Agriculture is a more complex domain than may first seem apparent to the layman. While most people seem to look at farming as hours of physical labor with little thought put into it, laying out your crops is a fine art. There is so much to consider when you are laying out your farm, and so many different things you can do to prepare the soil.
You may be wondering what you can do to improve the quality of your soil before you start planting seeds, and you have a few different approaches, depending on your equipment. You’ll also want to consider the climate and the humidity of your soil when deciding on the right preparation technique.
In today’s guide, we’ll be going over the differences between harrowing and tilling, as some seem to think that they’re different practices while others will argue that they are entirely similar. Before we get started, it is integral that we establish the difference between tilling and a tiller.
Tilling is any form of mixing, stirring, or digging that is used to improve the quality of the soil before you start planting. Most of the time, tilling consists of mixing up the soil, breaking down clods, and getting weeds out of the ground, though there are so many different types of tilling that it can get a little confusing.
There are two primary forms of tilling, which are an important distinction to make, as they will have two very different results: primary tilling, and secondary tilling.
Primary tilling is the first pass over the soil, in which the implement goes deeper into the ground than on the second pass. Plowing is a form of primary tilling, and its objective of bringing larger clods to the surface and breaking up sod is identical to that of primary tilling in general.
Secondary tilling consists of making a shallower pass over your crop rows, and focusing primarily on the upper layer of the soil. Techniques like this are perfect for preparing the ground for seeding, as you will want to break up smaller clumps of soil and provide an even surface to dig into.
A tiller is an agricultural tool that is also referred to as a cultivator, and using a tiller is different from tilling in the first place, as tilling encompasses many other implements, including harrows. So now that you know that, let’s take a look at the relationship between harrowing, tilling, and tillers.
First off, we have to establish the fact that harrowing is a form of tilling, which can be confusing when you consider that a tiller and a harrow have different jobs. For this reason, we’ll be comparing harrows to tillers, instead of the act of harrowing to tillage, as harrowing can be both primary and secondary tillage.
So now that we’ve established that the difference lies more in the tools than in the discipline, you may be wondering what sets apart a harrow from a tiller. First off, the most significant difference is that a harrow is meant to work on several rows of crops at the same time.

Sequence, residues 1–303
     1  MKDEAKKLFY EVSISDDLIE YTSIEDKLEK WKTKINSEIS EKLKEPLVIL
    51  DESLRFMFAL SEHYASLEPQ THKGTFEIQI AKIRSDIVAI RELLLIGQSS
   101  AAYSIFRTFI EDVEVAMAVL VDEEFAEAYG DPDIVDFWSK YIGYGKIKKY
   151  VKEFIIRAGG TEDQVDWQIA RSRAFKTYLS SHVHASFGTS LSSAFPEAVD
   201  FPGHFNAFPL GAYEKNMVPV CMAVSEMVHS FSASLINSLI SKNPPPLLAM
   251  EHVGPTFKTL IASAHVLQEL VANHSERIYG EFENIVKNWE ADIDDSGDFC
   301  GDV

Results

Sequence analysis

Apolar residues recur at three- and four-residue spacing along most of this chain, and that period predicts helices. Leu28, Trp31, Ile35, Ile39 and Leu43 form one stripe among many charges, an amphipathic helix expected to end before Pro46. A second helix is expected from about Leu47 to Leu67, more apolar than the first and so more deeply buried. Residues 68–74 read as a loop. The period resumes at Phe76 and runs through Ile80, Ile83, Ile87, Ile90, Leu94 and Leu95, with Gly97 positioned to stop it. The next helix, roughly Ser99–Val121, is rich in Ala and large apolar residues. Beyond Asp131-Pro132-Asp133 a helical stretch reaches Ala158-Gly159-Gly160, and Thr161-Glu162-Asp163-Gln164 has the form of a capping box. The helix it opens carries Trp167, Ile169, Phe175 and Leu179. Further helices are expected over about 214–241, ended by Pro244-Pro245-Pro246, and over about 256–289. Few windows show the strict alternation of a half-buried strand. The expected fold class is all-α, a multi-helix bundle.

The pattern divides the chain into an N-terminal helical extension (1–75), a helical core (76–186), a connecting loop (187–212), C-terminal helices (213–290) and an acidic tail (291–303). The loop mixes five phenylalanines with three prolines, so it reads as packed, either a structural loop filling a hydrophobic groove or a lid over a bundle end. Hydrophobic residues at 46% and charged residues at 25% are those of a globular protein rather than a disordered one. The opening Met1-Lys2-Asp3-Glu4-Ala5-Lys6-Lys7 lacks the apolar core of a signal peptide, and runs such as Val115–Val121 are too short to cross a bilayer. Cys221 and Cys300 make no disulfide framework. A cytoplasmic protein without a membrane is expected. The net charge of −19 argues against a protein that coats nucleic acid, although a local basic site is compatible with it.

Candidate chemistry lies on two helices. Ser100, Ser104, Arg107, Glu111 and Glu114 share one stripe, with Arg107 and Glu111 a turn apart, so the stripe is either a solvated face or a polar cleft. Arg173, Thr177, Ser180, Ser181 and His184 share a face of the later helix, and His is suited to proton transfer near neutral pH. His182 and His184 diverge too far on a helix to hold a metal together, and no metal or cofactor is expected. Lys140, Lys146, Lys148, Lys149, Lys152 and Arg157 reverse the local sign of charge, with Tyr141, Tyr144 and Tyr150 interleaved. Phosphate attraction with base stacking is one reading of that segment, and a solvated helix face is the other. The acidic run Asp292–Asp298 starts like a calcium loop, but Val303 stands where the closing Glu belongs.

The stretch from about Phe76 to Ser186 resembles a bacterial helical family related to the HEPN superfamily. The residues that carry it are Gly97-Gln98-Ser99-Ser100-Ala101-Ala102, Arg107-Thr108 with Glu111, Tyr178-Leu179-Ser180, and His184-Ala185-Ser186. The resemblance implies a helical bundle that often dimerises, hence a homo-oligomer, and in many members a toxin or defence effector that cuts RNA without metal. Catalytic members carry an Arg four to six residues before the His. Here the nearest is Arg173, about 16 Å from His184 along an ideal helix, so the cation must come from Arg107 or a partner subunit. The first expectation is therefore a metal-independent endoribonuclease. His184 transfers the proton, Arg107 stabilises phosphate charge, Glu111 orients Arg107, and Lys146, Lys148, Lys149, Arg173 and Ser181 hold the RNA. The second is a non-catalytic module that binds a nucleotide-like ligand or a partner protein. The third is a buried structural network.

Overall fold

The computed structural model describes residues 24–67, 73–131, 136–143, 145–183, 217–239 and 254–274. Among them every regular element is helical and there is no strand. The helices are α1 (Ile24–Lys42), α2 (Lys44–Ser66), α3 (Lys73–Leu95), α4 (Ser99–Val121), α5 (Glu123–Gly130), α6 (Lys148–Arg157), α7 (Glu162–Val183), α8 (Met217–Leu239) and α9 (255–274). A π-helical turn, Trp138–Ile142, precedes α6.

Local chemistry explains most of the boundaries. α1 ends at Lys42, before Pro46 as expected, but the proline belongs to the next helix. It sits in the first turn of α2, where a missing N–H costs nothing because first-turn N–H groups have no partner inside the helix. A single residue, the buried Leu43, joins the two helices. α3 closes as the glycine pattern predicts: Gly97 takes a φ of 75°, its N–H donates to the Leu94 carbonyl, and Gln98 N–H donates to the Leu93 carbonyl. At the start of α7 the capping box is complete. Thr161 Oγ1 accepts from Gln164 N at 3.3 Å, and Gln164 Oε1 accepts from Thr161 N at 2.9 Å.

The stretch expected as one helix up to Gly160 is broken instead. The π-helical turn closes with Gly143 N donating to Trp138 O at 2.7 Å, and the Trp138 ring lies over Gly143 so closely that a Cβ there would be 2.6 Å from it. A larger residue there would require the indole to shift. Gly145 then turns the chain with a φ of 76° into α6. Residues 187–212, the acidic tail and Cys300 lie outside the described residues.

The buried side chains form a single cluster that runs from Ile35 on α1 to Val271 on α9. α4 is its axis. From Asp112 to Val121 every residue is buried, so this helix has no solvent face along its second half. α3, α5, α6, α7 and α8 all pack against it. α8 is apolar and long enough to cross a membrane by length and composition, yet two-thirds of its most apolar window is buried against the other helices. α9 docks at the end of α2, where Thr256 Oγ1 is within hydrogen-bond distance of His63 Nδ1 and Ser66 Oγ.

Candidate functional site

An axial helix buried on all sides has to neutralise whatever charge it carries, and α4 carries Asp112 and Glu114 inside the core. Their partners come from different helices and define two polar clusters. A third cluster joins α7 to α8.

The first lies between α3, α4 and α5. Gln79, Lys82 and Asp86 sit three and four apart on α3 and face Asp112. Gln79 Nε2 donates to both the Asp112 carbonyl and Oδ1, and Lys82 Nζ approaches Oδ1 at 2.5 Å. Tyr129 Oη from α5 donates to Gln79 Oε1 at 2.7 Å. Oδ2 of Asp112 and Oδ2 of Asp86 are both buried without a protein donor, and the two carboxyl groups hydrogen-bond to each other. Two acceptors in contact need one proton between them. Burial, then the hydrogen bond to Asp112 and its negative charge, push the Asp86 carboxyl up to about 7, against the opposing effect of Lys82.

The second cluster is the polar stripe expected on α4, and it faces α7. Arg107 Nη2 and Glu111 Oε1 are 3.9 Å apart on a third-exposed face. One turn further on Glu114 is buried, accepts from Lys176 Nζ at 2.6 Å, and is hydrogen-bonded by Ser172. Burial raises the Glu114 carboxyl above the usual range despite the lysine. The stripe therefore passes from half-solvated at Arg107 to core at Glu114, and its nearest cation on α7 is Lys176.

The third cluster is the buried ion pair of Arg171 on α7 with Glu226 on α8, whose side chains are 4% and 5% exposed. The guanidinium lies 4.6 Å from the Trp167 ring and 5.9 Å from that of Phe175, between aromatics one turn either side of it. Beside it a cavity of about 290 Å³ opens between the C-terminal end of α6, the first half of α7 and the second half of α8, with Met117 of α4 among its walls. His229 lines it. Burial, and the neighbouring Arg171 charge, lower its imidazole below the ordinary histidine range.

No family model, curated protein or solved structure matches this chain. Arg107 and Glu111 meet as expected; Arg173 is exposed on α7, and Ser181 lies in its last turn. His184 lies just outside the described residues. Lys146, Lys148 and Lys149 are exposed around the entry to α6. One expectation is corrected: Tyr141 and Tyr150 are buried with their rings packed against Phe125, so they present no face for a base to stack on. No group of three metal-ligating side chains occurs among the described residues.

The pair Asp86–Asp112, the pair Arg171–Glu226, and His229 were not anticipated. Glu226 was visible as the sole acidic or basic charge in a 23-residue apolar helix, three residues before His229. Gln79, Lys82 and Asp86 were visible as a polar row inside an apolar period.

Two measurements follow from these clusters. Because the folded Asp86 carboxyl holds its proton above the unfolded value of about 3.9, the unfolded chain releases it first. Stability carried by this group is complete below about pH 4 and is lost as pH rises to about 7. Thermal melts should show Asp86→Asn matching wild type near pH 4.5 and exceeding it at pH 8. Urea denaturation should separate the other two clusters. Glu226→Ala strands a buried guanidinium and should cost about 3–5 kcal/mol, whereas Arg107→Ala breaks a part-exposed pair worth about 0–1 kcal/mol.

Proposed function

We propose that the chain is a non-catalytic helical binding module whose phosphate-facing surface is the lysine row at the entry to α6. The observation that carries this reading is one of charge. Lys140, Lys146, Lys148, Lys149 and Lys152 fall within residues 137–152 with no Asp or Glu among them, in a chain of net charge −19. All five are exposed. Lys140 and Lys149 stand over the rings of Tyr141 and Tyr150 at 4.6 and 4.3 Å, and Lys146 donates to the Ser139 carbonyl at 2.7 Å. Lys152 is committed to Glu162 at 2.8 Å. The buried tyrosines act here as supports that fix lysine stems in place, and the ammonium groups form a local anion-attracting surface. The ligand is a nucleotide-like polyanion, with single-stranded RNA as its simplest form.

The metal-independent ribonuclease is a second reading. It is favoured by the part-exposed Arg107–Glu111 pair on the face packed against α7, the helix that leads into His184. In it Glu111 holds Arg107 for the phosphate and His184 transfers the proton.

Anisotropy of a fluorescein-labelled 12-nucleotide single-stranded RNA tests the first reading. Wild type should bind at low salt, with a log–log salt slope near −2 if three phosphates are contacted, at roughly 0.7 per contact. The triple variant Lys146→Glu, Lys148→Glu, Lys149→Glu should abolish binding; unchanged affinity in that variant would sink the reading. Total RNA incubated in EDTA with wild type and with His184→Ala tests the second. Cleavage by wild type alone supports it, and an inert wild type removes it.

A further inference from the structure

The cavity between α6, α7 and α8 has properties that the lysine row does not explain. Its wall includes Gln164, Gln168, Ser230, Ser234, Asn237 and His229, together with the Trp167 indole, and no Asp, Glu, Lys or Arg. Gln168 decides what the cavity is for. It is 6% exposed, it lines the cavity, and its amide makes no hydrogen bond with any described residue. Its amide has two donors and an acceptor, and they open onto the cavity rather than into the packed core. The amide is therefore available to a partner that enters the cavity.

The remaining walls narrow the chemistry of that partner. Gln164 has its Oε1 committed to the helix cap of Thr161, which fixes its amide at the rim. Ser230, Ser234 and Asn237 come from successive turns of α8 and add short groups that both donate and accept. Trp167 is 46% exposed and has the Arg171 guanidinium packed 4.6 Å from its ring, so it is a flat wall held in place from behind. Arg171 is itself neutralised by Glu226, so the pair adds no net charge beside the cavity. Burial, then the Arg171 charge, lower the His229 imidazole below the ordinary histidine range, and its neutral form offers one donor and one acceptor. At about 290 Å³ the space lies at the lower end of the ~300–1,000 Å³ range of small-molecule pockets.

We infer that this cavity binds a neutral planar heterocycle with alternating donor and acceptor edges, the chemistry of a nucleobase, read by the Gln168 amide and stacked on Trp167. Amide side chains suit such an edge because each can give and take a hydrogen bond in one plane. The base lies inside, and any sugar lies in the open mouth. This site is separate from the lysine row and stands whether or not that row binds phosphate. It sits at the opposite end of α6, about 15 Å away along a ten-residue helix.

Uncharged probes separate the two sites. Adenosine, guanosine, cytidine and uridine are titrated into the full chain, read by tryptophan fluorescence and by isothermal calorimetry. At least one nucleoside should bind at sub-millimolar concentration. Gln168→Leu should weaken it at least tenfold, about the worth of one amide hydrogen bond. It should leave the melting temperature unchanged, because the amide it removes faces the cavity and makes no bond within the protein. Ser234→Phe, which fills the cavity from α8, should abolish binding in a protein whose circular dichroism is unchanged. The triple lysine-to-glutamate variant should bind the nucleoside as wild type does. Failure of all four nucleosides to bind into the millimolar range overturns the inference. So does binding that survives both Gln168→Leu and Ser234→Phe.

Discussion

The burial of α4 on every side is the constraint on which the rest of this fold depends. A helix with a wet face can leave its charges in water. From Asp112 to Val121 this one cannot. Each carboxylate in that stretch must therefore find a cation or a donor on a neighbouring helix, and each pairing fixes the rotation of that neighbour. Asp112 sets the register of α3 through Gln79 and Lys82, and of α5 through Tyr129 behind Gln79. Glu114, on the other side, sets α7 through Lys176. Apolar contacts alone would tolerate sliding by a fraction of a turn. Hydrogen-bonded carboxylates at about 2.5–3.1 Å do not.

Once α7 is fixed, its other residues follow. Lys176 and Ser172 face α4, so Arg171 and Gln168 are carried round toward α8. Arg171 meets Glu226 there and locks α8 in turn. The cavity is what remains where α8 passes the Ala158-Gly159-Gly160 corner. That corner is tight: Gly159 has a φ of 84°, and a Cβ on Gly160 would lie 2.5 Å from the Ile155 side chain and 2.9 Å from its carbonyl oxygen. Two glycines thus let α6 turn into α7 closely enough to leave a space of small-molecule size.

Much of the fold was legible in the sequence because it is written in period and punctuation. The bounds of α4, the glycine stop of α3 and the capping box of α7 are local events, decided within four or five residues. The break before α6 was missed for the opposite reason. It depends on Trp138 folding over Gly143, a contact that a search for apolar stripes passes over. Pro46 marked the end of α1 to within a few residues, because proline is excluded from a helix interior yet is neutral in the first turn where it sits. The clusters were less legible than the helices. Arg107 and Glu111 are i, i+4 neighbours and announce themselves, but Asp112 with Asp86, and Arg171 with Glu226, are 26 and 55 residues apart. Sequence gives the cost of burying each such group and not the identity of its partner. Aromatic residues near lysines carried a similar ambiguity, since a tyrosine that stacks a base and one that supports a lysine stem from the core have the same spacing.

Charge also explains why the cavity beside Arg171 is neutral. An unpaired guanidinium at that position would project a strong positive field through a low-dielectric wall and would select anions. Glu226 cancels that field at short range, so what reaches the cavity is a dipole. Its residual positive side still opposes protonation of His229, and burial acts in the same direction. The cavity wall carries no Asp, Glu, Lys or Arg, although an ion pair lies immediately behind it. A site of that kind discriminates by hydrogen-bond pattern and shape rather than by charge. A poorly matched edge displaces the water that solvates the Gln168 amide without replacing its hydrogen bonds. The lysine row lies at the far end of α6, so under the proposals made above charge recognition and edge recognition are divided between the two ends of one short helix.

A tiller or cultivator, on the other hand, is meant for use in between individual rows of crops, so that you have a precision tool that can help you deal with weeds and tough soil. Of course, there are many kinds of tillers, ranging from manual toothed models to rotary tillers.
In this section, we’ll compare various types of harrows and tillers (cultivators), so you’ll be able to find the perfect choice for your needs. We’ll look at the disc harrow, the rotary tiller, and much more.
The disc harrow is designed for use in deeper areas of your soil since the harrow disc tends to be heavier than tines or other options. Of course, you have to keep in mind that a disc harrow will also cover a much wider path than the tiller when it is pulled along your fields.
Compared to the disc harrow, a tiller works on a much shallower area of the ground, and it doesn't extend anywhere near as wide. As we've already mentioned, a tiller is a tool that is typically used for more precise work than a harrow.
A power harrow is much like a tine harrow, except the tines aren’t dragged along the ground, and are instead rotated. When compared to a tiller, the most significant difference is that a power harrow works with the help of the tractor, whereas a basic tiller would be entirely manual.
Both of these tools are used for similar applications, however, as they make it easier to prepare the soil for planting seeds. The power harrow is better for those who would like to avoid the sprouting of weeds, however. Since the layers of soil are kept in order, weed seeds will not be brought up to the top.
While a disc harrow is used to get to the deeper layers of the soil thanks to its heavier design, a rotary tiller is meant to overturn the upper layers of the soil. Rotary tillers are an excellent option for those who don’t have a lot of time and would like to get their soil ready for planting as soon as possible.
A rotary tiller is actually more similar to a power harrow, in that they both use teeth or tines under power to arrange the soil. Keep in mind, however, that a power harrow will often be preferable since they are better at preventing the growth of unwanted weeds.
There isn’t much of a difference between harrowing and tilling, as there is between a harrow and a tiller. It is understandable that this may be a little confusing, as tillage and tillers are not necessarily the same thing, with the latter only being used for secondary tilling. Thank you for taking the time to read through our guide.